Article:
[...]
The seeds laid in childhood sprang forth later in life. My defense of animal life in childhood
matured into a deeper defense of life in adulthood. And this is the story I have to tell. As it turned
out, I threw myself into the defense of a people nobody wanted, the unborn marked for abortion.

This story begins in 1976, the year I became aware of something called the “Pro-life
movement” and takes the reader through 1994—the year that the anti-abortion clinic blockades
basically came to an end, an activity that I pioneered, for which I went to court, and for which I
served time in jail. Thus this story is a slice of time—an important episode in the history of the
anti-abortion movement seen through a narrative microscope. Here you will be taken to the dark
places and see things very few people have beheld. You will also be taken to the high places, full
of light, when babies were saved and the truth about the dignity of the human being was
recognized. Certainly, I expect those who are already active in the pro-life cause, to be attracted
to this narrative. This is one of the rare books that presents the issue of abortion through the
experience of those who are engaged in the anti-abortion struggle. But I believe that this story
will be helpful to those outside the movement, as they will be introduced to pro-life people, see
what we did, why we did it, and perhaps, even should they support legalized abortion, come
away with a more profound understanding of what is at stake in the abortion war.

As this prologue is written, Barack Obama is the president—a supporter of legalized
abortion. Someone else will take his place, but the battle over legalized abortion will continue.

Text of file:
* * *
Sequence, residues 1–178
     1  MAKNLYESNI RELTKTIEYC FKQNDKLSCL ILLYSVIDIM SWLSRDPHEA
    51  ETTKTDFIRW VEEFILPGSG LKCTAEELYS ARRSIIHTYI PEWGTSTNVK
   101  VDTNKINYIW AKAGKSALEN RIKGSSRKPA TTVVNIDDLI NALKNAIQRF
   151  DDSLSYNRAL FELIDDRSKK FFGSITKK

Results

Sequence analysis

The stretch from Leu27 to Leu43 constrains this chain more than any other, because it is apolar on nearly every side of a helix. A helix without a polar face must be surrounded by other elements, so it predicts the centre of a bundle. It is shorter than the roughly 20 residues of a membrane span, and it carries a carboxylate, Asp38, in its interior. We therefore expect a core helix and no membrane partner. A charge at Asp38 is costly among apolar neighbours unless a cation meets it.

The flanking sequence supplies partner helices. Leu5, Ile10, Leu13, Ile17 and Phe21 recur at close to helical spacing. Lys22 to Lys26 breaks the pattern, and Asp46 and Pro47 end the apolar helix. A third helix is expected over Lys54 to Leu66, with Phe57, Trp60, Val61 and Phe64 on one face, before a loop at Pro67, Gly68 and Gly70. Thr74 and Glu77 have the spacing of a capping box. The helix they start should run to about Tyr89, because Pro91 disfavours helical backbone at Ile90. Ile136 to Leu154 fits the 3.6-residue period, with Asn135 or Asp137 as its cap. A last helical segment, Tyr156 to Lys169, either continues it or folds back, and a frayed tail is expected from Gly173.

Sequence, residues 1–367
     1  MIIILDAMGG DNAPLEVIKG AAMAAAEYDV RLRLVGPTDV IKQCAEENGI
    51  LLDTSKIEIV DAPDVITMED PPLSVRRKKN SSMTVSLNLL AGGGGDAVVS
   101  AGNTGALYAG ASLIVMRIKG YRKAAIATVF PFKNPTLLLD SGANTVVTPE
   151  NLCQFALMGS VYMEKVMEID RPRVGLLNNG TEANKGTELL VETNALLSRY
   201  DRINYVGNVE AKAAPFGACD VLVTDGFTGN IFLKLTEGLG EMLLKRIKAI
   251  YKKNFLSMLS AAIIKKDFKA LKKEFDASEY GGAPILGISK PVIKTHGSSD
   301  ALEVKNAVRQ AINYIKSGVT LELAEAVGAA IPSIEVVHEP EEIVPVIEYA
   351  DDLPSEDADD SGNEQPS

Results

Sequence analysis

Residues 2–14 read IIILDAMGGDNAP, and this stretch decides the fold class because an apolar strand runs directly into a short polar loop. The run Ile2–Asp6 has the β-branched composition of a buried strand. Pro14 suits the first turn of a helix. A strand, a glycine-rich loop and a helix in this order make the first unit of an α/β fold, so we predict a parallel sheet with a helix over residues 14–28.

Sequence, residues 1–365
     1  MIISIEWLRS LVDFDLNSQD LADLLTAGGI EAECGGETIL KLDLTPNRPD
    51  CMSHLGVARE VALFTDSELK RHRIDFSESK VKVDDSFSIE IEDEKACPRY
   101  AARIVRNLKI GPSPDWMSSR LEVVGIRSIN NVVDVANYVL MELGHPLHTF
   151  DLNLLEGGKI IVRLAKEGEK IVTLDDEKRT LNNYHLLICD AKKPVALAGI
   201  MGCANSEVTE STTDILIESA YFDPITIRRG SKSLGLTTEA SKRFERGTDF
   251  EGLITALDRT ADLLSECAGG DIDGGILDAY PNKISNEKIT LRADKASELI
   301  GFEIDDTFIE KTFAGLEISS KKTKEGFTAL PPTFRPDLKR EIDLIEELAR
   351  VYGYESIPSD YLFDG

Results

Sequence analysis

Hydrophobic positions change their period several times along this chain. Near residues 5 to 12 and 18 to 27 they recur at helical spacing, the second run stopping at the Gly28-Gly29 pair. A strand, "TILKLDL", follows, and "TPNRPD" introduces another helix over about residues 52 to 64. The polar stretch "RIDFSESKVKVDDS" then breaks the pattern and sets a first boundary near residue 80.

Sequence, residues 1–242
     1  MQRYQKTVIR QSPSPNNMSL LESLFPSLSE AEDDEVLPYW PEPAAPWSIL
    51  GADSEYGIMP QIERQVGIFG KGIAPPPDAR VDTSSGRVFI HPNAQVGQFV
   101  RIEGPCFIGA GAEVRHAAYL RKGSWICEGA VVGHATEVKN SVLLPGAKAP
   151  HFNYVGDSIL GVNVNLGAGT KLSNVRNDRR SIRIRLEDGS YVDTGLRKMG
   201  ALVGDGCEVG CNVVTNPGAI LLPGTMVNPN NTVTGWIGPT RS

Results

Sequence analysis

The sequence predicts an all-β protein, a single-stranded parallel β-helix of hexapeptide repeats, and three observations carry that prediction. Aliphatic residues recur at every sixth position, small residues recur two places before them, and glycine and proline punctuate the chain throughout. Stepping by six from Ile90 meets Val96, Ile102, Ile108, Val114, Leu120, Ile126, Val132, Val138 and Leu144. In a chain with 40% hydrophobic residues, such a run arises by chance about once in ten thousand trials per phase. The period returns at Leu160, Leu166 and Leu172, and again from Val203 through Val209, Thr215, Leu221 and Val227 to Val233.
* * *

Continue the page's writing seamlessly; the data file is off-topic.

After nearly forty years of controversy, it appears that the war over abortion will not come to a
quick and easy end. My hope is that this book will shed a light on one of the most desperate
moments in the history of the world—a moment in which we have before us that great struggle
over life itself and the meaning of human existence.
Dhamma is against the stream of common thought, deep, subtle, difficult, delicate, unseen by passion’s slaves cloaked in the murk of ignorance. Vipassī Buddha
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Re: Most important Yama

Post by DNS »

Nicholas wrote: Fri Aug 30, 2019 1:49 pm Excerpt from Yoga Sutras of Patanjali, Edwin Bryant translator & editor:
II.30 ahiṁsā-satyāsteya-brahmacaryāparigrahā yamāḥ

ahiṁsā, nonviolence; satya, truthfulness; asteya, refraining from stealing;
brahmacarya, celibacy; aparigrahāḥ, refrainment from acquisition or coveting;
yamāḥ, the abstentions

The yamas are nonviolence, truthfulness, refrainment from stealing,
celibacy, and renunciation of [unnecessary] possessions.
The five yamas sound exactly the same as the five precepts of Jainism, which goes to show the extent of the overlap among Dharmic paths / religions.